The dark matter interpretation of the 3.5-keV line is inconsistent with blank-sky observations

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Science  27 Mar 2020:
Vol. 367, Issue 6485, pp. 1465-1467
DOI: 10.1126/science.aaw3772

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X-ray data constrain dark matter decay

Dark matter may consist of previously unknown forms of subatomic particles. An unidentified astronomical x-ray emission line has been interpreted as being caused by the decay of a dark matter particle. If this is correct, then dark matter in the halo of the Milky Way Galaxy should produce a faint emission line across the whole sky. Dessert et al. tested this hypothesis using observations by the XMM-Newton (X-ray Multi-Mirror Mission) space telescope. Analyzing blank-sky regions with a total exposure time of about a year, they found no evidence for the predicted line and set upper limits on the decay rate that rule out the previously proposed dark matter interpretation.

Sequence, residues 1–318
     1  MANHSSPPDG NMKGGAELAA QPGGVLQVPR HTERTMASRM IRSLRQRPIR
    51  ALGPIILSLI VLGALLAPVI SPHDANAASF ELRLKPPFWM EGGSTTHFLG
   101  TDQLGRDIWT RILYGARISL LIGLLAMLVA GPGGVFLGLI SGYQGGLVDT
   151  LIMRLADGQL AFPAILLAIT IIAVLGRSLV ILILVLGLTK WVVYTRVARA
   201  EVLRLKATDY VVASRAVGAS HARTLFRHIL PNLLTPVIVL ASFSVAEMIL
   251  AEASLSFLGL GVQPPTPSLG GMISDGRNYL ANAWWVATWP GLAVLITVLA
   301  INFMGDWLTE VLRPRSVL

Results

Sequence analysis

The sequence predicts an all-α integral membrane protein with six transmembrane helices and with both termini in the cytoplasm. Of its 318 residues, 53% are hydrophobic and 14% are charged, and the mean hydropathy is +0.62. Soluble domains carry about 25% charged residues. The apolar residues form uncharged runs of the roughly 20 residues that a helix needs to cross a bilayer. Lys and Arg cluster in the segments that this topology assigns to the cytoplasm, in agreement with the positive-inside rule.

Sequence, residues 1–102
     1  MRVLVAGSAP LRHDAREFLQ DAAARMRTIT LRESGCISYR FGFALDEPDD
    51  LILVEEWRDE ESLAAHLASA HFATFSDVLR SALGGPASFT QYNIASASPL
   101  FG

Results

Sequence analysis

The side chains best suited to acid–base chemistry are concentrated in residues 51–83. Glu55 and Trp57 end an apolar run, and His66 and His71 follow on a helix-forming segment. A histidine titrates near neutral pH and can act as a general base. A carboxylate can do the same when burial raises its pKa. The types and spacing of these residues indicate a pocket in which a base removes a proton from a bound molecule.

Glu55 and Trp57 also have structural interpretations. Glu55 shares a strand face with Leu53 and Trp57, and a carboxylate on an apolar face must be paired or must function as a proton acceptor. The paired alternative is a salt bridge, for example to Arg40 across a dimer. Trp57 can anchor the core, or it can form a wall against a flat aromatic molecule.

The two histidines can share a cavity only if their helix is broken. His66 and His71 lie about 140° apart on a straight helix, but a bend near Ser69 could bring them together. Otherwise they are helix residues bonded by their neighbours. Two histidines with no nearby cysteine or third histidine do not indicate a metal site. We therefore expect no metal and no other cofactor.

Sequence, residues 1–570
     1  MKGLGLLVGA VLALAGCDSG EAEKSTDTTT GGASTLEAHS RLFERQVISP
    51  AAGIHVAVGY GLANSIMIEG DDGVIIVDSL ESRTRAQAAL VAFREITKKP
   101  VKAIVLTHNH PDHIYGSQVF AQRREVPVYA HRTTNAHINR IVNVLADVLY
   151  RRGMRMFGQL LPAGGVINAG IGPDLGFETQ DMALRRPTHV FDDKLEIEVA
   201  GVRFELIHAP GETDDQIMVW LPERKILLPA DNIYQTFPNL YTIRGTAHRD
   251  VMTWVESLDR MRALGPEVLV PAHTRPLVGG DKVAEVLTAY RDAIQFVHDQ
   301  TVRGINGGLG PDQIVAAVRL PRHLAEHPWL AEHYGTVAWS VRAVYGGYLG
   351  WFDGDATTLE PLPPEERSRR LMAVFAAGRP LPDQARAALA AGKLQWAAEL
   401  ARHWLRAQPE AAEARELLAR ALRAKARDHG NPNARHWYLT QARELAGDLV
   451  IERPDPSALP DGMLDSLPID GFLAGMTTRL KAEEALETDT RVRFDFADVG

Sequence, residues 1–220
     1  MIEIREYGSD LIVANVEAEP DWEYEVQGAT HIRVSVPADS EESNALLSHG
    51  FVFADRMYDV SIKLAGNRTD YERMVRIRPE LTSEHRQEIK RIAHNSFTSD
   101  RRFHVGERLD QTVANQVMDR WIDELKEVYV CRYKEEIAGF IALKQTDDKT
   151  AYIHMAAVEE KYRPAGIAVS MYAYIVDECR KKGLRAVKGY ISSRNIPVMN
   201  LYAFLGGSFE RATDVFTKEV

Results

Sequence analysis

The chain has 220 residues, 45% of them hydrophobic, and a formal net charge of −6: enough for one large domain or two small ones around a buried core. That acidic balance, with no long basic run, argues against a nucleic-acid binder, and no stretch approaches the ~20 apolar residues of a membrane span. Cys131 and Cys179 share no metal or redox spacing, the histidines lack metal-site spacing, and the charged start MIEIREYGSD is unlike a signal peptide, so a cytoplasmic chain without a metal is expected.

Science, this issue p. 1465


Observations of nearby galaxies and galaxy clusters have reported an unexpected x-ray emission line around 3.5 kilo–electron volts (keV). Proposals to explain this line include decaying dark matter—in particular, that the decay of sterile neutrinos with a mass around 7 keV could match the available data. If this interpretation is correct, the 3.5-keV line should also be emitted by dark matter in the halo of the Milky Way. We used more than 30 megaseconds of XMM-Newton (X-ray Multi-Mirror Mission) blank-sky observations to test this hypothesis, finding no evidence of the 3.5-keV line emission from the Milky Way halo. We set an upper limit on the decay rate of dark matter in this mass range, which is inconsistent with the possibility that the 3.5-keV line originates from dark matter decay.

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